This blaze then quietly slips into the purple depths of twilight, softening the harshness of day and sunset. Without the sun, LA seems to lose itself somewhat, the glaring brightness replaced with a balmy, gentle dusk.

After twilight, of course, comes night in LA. Now the colors shift to noir: chiaroscuro shadows playing tricks on the eye in each and every hidden, hedonistic corner of the city. At night, you almost feel as if you are in a pre-technicolor film, all the color leeched from the world leaving only an infinite palate of gray. This is a Los Angeles of loneliness and despair, of private eyes and femmes fatale, but it is a pleasingly aesthetic despair: even in sorrow and emptiness there resides the hope that this desperation may become a screenplay or a pilot or a novel.

LA Day: "No Blue Sky," The Thorns

For me, Los Angeles in the day loses all its color, all its mythology. Midday brings a garish brightness that blanches the pigment from the earth, leaving only a washed-out imprint of what is actually there, like when you close your eyes after looking at the sun too long and it leaves traces of light on the inside of your eyelids. This is the LA of beaches and summer and vacations, yes, but also suffocating smog and traffic and dusty, dirty desert.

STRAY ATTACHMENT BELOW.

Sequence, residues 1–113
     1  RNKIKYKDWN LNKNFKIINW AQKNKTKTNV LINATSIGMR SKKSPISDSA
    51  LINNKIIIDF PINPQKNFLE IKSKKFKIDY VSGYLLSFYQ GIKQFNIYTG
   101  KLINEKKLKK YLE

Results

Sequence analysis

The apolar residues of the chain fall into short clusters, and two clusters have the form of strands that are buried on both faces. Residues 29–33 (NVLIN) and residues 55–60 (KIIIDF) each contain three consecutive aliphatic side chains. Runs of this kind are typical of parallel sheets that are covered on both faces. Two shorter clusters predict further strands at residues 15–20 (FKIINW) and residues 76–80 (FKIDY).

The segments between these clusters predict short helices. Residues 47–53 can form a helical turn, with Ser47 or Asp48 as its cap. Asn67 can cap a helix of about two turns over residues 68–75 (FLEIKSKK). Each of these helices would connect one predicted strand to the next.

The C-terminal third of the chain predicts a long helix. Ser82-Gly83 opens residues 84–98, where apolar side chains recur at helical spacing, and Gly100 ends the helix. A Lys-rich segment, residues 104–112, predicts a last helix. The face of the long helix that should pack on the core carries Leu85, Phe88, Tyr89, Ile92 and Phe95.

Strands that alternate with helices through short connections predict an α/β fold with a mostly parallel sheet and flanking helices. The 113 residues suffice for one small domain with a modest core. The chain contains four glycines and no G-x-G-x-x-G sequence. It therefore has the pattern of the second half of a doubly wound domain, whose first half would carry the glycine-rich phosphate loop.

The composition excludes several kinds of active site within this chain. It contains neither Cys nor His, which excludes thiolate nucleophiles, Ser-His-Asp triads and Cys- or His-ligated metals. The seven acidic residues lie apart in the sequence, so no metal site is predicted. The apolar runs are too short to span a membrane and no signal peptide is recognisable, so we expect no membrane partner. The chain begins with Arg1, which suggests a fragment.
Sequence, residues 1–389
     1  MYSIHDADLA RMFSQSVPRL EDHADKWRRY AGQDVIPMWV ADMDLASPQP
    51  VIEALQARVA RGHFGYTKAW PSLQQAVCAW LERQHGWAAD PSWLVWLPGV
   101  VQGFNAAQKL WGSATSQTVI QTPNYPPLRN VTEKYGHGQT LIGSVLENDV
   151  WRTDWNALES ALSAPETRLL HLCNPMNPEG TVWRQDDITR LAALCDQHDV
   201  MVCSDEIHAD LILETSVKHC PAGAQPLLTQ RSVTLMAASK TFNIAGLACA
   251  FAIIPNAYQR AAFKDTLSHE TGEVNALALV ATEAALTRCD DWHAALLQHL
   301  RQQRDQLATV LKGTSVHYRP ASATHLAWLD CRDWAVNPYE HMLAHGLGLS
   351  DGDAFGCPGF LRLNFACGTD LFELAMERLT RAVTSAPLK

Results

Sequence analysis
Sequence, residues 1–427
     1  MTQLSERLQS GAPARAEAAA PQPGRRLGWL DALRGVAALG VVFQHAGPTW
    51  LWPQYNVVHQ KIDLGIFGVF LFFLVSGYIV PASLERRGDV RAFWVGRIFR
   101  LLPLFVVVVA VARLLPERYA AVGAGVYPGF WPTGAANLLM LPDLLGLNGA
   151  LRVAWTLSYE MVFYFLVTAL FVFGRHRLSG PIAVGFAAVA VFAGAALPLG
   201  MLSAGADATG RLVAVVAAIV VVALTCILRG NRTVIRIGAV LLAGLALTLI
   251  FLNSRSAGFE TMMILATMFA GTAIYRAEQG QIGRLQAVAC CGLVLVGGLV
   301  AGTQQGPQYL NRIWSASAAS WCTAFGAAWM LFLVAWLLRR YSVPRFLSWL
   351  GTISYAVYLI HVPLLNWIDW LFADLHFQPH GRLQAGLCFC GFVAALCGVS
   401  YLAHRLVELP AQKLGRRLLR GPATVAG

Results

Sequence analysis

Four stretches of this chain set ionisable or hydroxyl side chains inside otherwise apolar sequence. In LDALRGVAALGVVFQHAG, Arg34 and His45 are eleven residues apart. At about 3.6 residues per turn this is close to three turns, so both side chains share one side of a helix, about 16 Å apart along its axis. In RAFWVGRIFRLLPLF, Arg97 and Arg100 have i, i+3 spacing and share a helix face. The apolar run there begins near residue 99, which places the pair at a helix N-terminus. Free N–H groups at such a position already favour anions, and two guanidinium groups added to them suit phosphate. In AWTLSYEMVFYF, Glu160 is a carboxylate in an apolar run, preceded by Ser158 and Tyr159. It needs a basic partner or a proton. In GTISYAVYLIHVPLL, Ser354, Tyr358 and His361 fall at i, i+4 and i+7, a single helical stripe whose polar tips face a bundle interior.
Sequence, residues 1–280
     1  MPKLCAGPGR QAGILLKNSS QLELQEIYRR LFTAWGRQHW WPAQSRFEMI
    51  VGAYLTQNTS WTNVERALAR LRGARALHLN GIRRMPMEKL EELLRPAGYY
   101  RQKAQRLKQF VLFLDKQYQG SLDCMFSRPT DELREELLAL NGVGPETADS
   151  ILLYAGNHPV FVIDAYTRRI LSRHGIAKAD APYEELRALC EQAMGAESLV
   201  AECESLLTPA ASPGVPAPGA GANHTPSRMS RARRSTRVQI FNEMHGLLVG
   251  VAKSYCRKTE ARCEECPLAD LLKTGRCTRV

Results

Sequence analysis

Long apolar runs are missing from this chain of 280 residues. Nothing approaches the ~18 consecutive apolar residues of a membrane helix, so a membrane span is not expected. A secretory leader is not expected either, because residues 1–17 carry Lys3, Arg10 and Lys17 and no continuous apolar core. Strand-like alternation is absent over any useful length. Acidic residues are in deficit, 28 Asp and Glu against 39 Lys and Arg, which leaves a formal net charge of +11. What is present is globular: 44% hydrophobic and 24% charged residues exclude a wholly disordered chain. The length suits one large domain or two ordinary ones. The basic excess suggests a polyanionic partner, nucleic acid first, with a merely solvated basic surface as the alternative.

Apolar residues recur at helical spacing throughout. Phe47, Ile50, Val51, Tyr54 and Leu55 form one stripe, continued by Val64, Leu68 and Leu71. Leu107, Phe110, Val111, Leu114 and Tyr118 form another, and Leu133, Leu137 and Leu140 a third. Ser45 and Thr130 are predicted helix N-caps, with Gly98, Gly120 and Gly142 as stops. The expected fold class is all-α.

In the end, it's hard for me to say what's so compelling about my imaginary Los Angeles. I think it is the paradox of the place, and how it embodies a sort of gorgeous melancholy. Perhaps, as Denise Hamilton claims, it is both "the seductive blur of artifice and reality, the possibility of shucking off the past like last year's frock and reinventing yourself beyond your wildest dreams" as well as "the desperation that descends when the dream goes sour, the duplicity that lurks behind the beauty, the rot of the jungle flowers, the riptides off the sugar sand beaches that carry away the unwary."

Either way, I hold Los Angeles close in the back of my mind.


Monday, April 21, 2008

Amazingly Rare.

I got this book.

It's way out of my league, but it is in the league I would like to be in.

It is beautiful. It chronicles the time of discovery when explorers headed out and found new places and in those places, new life. I have always loved beautiful things and have come to know that there are two kinds of art in the world: The art that inspires me to go and try something like it and the art that I look at and think, 'I could never do anything like that.' This book is the latter. How does a person could look at flower and tell his hand to do this...

What's more, these were scientists who were drawing to document the freshly found.